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Kids will be kids
But is the old adage enough to explain away the ruckus created by the neighbourhood tots...

GOOD FENCES MAKE good neighbours. The words from the long forgotten Robert Frost poem Mending Wall came to my mind the other day, when I heard the ruckus created by the kids who had come to play in the garden adjoining my flat.
Not to question the builder's credentials, but I stay in a high-rise where if the top floor resident were to but sneeze, someone at my place would definitely end up catching a cold. With paper thin walls that carry everything from the neighbour's marital woes to the tantalizing curry whose smoky flavours has everyone walking into my house expecting a feast to be laid out on the table, I've come to realise pretty quickly that the vault like door which I'm happy to note even the axe murderer would not be able to hack through (unless of course he has found my lost set of spare keys) does not exactly offer me protection from the forces beyond.
Kids screaming which sends me scrambling to the bedroom to check on my little one or the sound of water trickling which has me hunting around in search of the elusive pipe leak have become de rigueur.
Ordinarily these issues would have just elicited a few funny comments about the quality of construction, but there is a more somber aftereffect of it as I learnt the other day. One of the "not so child friendly" neighbours, apparently woken up from his late afternoon siesta by the sound of kids larking about in the corridor, decided to take matters into his own hands, probably upon noticing no reaction to his pitch high scream (which, I confess, had me peering out of my peep hole) and called in the police. Now I know there are matters, which only men in uniform can handle, but the sound of a kid screaming in your backyard? Or who knows probably the man in question just had a bad day at work or has a really hard time falling asleep or has a phobia of loud noises. Whatever it is I'm a little on the fence on this one. Watching children indulge in a boisterous ball practice or a simple hide and seek game makes me feel rather quaint and happy. In an age where most teens and alarmingly their younger brethren can be found glued to screens of all sizes, it is rather nice to see kids up and about indulging in some physical activity. Recent research has revealed that today's kids, glued as they are to the TV screen or their mobile phones, exhibit an alarming lack of social skills. Sadly enough children are more comfortable interacting with reel figures than real flesh and blood ones.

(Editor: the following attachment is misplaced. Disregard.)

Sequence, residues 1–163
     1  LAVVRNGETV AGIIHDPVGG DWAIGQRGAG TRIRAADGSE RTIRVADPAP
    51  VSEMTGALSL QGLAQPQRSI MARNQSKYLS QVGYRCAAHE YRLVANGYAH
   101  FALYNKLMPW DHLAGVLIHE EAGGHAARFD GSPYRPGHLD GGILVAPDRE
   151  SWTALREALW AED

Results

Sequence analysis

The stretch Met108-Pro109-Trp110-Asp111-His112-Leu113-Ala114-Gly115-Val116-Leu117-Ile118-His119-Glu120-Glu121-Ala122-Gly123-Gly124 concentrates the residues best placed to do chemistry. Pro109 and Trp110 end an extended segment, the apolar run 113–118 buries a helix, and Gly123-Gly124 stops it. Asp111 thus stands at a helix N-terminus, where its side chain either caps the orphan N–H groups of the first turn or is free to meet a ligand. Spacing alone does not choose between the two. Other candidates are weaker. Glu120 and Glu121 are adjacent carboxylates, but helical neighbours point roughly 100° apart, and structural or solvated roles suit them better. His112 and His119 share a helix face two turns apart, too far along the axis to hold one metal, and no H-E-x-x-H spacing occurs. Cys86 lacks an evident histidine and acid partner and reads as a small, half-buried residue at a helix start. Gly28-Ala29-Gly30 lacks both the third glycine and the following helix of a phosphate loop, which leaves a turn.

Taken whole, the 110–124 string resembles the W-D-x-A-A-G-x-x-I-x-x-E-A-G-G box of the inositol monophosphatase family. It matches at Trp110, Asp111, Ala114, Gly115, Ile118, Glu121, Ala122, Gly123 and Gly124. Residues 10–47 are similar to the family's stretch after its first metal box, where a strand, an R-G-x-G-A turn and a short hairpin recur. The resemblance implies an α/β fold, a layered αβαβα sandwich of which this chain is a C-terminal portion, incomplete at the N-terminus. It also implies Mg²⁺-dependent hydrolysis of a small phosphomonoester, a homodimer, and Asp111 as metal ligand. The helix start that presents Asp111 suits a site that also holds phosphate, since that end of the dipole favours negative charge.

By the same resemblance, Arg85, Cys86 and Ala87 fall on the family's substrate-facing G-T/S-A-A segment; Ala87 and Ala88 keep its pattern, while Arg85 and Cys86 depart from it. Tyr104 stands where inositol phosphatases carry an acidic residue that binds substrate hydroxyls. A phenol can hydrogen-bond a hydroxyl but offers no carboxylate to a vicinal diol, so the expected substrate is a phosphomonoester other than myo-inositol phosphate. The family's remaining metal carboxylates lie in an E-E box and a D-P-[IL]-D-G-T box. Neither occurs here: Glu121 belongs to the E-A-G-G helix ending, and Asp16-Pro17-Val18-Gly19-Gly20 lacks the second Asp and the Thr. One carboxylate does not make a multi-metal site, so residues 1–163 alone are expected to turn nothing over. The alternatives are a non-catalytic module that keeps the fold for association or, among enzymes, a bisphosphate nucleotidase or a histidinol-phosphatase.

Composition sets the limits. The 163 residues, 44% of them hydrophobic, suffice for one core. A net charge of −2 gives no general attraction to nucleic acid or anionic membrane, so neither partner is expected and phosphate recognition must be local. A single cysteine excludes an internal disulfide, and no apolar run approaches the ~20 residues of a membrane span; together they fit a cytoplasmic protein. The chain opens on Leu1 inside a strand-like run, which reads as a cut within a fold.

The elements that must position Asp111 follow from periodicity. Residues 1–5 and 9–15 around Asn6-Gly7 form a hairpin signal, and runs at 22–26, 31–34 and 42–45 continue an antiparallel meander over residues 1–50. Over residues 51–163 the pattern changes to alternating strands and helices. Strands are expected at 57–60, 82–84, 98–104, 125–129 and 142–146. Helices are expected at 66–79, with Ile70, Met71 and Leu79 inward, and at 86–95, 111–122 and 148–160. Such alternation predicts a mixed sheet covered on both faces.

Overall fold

In that context it is rather heartening to see children indulge in childish pursuits in my neighbourhood. A sentiment my irate neighbour probably does not share.
As I heard one mother scream back to the angry man: "What else do you expect children to do? They will of course make noise. After all they are children."